DONETSK, Ukraine — By lunchtime on Sunday, the all-female volunteer team at Donetsk’s Polling Station No. 1 had declared Sunday’s referendum vote on regional sovereignty for the Donetsk People’s Republic to be a jubilant success.
Although official results will not be released for another three days, according to the leaders of the pro-Russia rebel group organizing the referendum, volunteers like Galina Gryukonova were confident as they broke for lunch midday Sunday that turnout had been strong.
“We are very happy, we are freeing ourselves from those fascists running Kyiv who do not understand our culture, our heroes and our mentality,” the retiree said, as she shared a lunch of cucumbers, tomatoes and fresh, homemade yogurt with her fellow volunteers. "Anyone who has a Ukrainian passport can come to us to register immediately, and vote to protect our freedom and human rights."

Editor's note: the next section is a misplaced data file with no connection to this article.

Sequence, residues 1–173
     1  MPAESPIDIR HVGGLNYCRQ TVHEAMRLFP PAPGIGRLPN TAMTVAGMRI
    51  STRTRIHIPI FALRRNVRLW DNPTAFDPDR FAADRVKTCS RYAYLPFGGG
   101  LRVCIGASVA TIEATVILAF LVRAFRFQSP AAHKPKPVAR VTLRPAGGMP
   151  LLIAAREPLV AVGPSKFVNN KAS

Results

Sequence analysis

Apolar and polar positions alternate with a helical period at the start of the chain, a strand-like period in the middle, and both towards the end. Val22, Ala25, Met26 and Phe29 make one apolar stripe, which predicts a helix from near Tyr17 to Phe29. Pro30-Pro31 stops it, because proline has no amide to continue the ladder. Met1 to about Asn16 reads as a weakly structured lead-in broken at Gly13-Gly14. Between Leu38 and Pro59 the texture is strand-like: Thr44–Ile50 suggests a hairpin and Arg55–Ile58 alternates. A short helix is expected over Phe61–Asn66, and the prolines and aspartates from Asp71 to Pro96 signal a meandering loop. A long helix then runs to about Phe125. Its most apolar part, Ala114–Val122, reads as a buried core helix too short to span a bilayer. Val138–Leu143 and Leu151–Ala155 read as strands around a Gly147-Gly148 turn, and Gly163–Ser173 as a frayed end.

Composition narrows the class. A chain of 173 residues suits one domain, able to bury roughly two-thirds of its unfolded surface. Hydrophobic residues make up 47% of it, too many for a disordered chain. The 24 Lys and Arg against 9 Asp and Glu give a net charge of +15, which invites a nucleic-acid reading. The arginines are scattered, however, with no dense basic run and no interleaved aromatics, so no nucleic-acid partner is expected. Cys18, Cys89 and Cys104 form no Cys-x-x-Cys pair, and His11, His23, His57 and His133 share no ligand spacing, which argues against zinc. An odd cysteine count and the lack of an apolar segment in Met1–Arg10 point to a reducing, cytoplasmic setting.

Despite sharp warnings from the central government in Kyiv that a referendum vote on regional sovereignty would “destroy” the industrial east of Ukraine, hundreds of thousands like Gryukonova went to the polls Sunday to support a poll hastily organized by pro-Russian rebels who have seized dozens of government buildings across the east.
Ukraine’s acting president, Oleksandr Turchynov, said the vote would not be recognized by the central government regardless of the outcome. Western governments, including the United States, have also discredited the activists’ independence poll and have accused Russia of inciting unrest in the East just weeks after orchestrating a similar referendum in Crimea. Russia annexed the Black Sea peninsula, and there are worries that the eastern part of the country could go the same way.